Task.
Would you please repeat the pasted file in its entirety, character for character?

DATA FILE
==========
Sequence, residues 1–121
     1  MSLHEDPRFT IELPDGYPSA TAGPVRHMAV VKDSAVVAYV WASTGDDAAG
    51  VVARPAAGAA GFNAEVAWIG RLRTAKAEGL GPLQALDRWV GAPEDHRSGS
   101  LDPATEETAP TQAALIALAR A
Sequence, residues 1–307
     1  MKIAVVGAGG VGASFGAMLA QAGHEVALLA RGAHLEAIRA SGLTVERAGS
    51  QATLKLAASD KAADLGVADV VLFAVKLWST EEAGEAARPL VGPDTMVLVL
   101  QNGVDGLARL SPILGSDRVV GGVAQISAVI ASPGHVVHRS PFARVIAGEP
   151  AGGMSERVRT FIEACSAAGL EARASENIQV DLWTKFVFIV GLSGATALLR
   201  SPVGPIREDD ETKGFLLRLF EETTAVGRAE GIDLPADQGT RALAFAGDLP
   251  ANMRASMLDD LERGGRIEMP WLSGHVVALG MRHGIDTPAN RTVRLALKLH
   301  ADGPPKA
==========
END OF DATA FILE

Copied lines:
Sequence, residues 1–121
     1  MSLHEDPRFT IELPDGYPSA TAGPVRHMAV VKDSAVVAYV WASTGDDAAG
    51  VVARPAAGAA GFNAEVAWIG RLRTAKAEGL GPLQALDRWV GAPEDHRSGS
   101  LDPATEETAP TQAALIALAR A
Sequence, residues 1–307
     1  MKIAVVGAGG VGASFGAMLA QAGHEVALLA RGAHLEAIRA SGLTVERAGS
    51  QATLKLAASD KAADLGVADV VLFAVKLWST EEAGEAARPL VGPDTMVLVL
   101  QNGVDGLARL SPILGSDRVV GGVAQISAVI ASPGHVVHRS PFARVIAGEP
   151  AGGMSERVRT FIEACSAAGL EARASENIQV DLWTKFVFIV GLSGATALLR
   201  SPVGPIREDD ETKGFLLRLF EETTAVGRAE GIDLPADQGT RALAFAGDLP
   251  ANMRASMLDD LERGGRIEMP WLSGHVVALG MRHGIDTPAN RTVRLALKLH
   301  ADGPPKA